New Times is hardly the only Arpaio critic. See this Amnesty International condemnation of the treatment of inmates in Maricopa County jails.
The subpoena that Larkin and Lacey are waving like a Fourth of July flag grows out of a trumped-up criminal investigation of New Times for publishing Sheriff Joe's home address three years ago on its Web site as part of its investigation of his real estate deals (see "Sheriff Joe's Real Estate Game," by John Dougherty, July 1, 2004). Arpaio and the county prosecutor, whom New Times admires in the same manner it does Arpaio, say its publication violates state law, hence the grand jury investigation. Like a colossal fishing trawler, the subpoena also demands all notes, records, documents, e-mails, files, etc. related to several New Times articles about Arpaio.
How difficult is it to find Arpaio's home address? It took me five minutes of Web plinking, and I didn't need New Times to find it.
Not since Br'er Rabbit conned Br'er Fox into tossing him into the briar patch has a trickster been as happy as Larkin and Lacey are today. Prior to the arrest, the dispute was local. Today, Larkin and Lacey are national First Amendment martyrs, and the silly law they violated is about to be punctured by the free-speech lobby and every columnist with a keyboard. The law prohibits publication of home addresses on the Web only, not in print or via broadcast. At this late date, it's hard to imagine an appeals court denying Web journalism (is there any other kind?) parity with print and broadcast journalism. That law will soon be history.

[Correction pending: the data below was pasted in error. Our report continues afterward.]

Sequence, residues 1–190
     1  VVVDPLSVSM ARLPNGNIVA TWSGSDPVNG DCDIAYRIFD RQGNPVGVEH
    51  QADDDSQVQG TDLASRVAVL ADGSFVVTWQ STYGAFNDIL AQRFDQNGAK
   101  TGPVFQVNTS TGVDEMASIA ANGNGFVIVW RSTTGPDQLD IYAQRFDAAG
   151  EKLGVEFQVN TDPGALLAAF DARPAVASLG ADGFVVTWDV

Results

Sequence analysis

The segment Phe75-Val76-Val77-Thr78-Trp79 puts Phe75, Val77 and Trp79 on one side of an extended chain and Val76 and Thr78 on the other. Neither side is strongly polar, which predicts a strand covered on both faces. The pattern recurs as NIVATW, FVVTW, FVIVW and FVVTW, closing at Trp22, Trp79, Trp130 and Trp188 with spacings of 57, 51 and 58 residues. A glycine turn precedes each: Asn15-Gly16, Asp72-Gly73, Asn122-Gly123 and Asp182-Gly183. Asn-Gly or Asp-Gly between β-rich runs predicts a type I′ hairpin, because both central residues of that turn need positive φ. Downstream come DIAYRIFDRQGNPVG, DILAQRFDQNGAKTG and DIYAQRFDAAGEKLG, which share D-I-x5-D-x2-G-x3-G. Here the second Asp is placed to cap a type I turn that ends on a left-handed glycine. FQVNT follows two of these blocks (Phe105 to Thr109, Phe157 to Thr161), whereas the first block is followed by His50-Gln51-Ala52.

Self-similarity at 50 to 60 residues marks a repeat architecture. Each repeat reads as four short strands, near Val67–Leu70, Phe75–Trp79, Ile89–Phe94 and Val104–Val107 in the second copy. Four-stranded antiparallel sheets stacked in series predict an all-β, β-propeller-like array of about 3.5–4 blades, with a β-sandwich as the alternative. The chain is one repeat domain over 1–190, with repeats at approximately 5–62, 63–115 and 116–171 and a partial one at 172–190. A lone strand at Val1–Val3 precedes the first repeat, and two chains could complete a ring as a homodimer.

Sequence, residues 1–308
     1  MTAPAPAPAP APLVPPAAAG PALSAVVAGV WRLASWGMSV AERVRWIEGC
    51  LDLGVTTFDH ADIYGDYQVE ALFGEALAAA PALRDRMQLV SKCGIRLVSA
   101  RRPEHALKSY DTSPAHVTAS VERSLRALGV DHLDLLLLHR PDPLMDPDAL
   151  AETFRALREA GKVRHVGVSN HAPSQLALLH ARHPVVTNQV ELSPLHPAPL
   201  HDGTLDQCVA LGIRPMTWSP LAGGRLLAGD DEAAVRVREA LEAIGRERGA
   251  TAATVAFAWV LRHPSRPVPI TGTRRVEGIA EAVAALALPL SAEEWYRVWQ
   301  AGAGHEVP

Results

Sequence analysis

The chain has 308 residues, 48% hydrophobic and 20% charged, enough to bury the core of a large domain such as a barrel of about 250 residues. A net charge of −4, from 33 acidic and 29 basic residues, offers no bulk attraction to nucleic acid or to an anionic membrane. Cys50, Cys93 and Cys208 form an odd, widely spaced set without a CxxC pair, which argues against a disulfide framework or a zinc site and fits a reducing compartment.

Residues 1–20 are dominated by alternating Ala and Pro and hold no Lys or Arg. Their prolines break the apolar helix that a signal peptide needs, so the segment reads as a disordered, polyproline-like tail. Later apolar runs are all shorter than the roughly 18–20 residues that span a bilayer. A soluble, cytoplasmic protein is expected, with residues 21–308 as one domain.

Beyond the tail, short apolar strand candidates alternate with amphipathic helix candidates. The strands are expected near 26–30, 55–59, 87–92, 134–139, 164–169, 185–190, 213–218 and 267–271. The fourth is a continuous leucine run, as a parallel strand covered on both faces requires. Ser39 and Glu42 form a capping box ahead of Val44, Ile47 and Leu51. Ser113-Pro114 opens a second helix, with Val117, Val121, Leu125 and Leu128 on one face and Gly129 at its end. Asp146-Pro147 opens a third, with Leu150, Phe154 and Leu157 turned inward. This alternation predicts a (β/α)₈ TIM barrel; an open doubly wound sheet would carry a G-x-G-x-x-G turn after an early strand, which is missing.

The publicity raised by the arrests will bring new national scrutiny and ridicule to Arpaio. Also under the national magnifying glass will be the special prosecutor, whom New Times accuses of misconduct in a lawsuit. (Here's the early local coverage of the story from the Arizona Republic and the East Valley Tribune and the national take from the New York Times, USA Today, and Editor & Publisher.)
Lacey promises his usual unyielding, principled stand against the transgressions of the corrupt and powerful.
"It's going to take them forever to get that information about our readers," Lacey said to me in a phone call. "But your stuff I gave them immediately."
Addendum, Oct. 20: Dang, the First Amendment battle has been averted! Maricopa County Attorney Andrew Thomas has dropped charges against Larkin and Lacey and has recommended that special prosecutor Dennis Wilenchik be removed from his position. But the story doesn't end there. The Arizona Republicreports that "Wilenchik and Thomas are now the subjects of legal and ethical complaints with the State Bar of Arizona.
Never pick a fight with people who buy their whiskey by the truckload, their ink by the tanker, and their pixels at wholesale. Send subpoenas to firstname.lastname@example.org. (E-mail may be quoted by name in "The Fray," Slate's readers' forum, in a future article, or elsewhere unless the writer stipulates otherwise. Permanent disclosure: Slate is owned by the Washington Post Co.)